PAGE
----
JSON::Stream is a JSON parser, based on a finite state machine, that generates events for each state change. This allows streaming both the JSON document into memory and the parsed object graph out of memory to some other process.

This is much like an XML SAX parser that generates events during parsing. There is no requirement for the document, or the object graph, to be fully buffered in memory. This is best suited for huge JSON documents that won't fit in memory. For example, streaming and processing large map/reduce views from Apache CouchDB.


The simplest way to parse is to read the full JSON document into memory and then parse it into a full object graph. This is fine for small documents because we have room for both the document and parsed object in memory.

require 'json/stream'
json = File.read('/tmp/test.json')
obj = JSON::Stream::Parser.parse(json)

While it's possible to do this with JSON::Stream, we really want to use the json gem for documents like this. JSON.parse() is much faster than this parser, because it can rely on having the entire document in memory to analyze.

For larger documents we can use an IO object to stream it into the parser. We still need room for the parsed object, but the document itself is never fully read into memory.

require 'json/stream'
stream = File.open('/tmp/test.json')
obj = JSON::Stream::Parser.parse(stream)

Again, while JSON::Stream can be used this way, if we just need to stream the document from disk or the network, we're better off using the yajl-ruby gem.

Huge documents arriving over the network in small chunks to an EventMachine receive_data loop is where JSON::Stream is really useful. Inside an EventMachine::Connection subclass we might have:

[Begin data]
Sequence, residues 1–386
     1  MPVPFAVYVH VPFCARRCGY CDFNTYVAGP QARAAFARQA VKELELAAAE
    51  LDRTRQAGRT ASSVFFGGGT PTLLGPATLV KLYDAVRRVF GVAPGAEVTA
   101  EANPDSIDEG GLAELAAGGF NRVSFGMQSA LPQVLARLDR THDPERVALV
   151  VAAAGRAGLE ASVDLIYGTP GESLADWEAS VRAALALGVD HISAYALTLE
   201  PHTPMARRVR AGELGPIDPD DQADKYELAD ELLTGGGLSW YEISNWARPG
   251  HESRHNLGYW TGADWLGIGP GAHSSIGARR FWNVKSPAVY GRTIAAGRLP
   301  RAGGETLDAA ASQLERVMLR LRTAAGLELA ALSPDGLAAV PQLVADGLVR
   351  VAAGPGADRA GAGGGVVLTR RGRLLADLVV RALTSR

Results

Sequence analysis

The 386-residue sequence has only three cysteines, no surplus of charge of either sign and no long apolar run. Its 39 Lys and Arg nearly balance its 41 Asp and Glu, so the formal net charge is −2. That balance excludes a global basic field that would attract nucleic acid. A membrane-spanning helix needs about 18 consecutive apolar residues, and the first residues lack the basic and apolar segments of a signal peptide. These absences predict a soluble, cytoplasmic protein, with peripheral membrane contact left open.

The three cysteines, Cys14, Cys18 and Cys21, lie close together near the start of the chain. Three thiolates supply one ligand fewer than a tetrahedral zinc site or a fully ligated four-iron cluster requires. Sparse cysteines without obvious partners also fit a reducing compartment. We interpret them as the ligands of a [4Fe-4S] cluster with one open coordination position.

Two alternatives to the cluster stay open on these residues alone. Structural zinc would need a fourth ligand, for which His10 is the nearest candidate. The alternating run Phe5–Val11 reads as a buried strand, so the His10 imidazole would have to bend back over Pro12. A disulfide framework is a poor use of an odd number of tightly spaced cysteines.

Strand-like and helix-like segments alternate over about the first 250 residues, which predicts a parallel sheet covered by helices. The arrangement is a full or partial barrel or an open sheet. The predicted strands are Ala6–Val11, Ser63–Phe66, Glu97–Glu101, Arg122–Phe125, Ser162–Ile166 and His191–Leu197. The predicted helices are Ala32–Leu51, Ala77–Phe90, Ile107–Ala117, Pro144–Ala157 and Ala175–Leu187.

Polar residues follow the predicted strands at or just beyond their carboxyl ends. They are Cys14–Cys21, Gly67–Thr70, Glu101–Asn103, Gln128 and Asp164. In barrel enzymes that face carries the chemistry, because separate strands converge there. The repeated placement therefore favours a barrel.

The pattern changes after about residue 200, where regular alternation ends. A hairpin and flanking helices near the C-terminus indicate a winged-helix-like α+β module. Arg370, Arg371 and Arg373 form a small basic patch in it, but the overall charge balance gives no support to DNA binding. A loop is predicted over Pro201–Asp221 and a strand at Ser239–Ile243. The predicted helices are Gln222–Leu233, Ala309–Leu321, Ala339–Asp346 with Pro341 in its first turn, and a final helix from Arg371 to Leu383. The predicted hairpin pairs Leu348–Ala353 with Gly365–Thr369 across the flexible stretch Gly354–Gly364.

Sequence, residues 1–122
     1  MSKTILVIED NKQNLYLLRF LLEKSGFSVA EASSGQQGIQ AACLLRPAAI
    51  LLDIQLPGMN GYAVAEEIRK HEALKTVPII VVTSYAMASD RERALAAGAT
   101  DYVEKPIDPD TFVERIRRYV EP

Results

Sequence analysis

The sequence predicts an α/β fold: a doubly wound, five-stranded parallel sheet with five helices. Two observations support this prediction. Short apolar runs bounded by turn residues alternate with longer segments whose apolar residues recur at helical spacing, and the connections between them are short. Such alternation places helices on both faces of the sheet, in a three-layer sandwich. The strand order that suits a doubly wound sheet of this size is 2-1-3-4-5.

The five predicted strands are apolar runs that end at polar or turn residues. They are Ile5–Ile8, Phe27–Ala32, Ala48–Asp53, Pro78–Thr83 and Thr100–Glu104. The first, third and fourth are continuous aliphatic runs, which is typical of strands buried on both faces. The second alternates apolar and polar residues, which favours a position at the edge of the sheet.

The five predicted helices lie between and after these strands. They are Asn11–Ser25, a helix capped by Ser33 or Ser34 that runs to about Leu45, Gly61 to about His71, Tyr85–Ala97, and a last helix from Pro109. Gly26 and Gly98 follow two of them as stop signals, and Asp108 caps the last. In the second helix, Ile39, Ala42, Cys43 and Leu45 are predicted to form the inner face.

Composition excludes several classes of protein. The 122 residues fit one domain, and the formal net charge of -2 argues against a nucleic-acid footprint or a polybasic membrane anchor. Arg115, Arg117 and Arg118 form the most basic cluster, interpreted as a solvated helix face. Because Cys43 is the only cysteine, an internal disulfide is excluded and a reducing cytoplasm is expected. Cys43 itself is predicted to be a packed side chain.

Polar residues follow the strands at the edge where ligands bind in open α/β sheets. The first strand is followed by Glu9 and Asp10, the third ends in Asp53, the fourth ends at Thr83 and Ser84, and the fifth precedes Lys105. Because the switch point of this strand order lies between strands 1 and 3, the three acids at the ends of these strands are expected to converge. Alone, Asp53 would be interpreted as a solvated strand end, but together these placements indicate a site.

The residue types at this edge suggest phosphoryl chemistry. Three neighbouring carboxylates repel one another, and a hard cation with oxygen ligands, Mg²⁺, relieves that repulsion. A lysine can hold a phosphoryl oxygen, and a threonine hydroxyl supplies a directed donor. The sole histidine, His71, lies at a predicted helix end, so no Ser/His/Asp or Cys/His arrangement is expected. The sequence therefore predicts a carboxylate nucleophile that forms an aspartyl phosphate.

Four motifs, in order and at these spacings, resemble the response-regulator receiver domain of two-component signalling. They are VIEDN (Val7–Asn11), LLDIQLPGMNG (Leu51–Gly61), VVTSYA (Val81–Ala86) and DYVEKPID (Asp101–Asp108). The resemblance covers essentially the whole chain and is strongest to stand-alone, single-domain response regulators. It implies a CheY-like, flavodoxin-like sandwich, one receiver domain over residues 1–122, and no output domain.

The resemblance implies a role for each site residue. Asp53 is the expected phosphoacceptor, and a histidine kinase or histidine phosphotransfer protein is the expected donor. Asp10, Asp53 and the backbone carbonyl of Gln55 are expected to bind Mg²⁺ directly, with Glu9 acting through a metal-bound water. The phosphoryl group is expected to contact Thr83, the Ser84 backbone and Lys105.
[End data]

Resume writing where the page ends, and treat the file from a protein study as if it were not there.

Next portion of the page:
def post_init
  @parser = JSON::Stream::Parser.new do
    start_document { puts "start document" }
    end_document   { puts "end document" }
    start_object   { puts "start object" }
    end_object     { puts "end object" }
    start_array    { puts "start array" }
    end_array      { puts "end array" }
    key            {|k| puts "key: #{k}" }
    value          {|v| puts "value: #{v}" }

def receive_data(data)
    @parser << data
  rescue JSON::Stream::ParserError => e

The parser accepts chunks of the JSON document and parses up to the end of the available buffer. Passing in more data resumes the parse from the prior state. When an interesting state change happens, the parser notifies all registered callback procs of the event.

The event callback is where we can do interesting data filtering and passing to other processes. The above example simply prints state changes, but imagine the callbacks looking for an array named rows and processing sets of these row objects in small batches. Millions of rows, streaming over the network, can be processed in constant memory space this way.


  • ruby >= 1.9.2
  • jruby >= 1.7



JSON::Stream is released under the MIT license. Check the LICENSE file for details.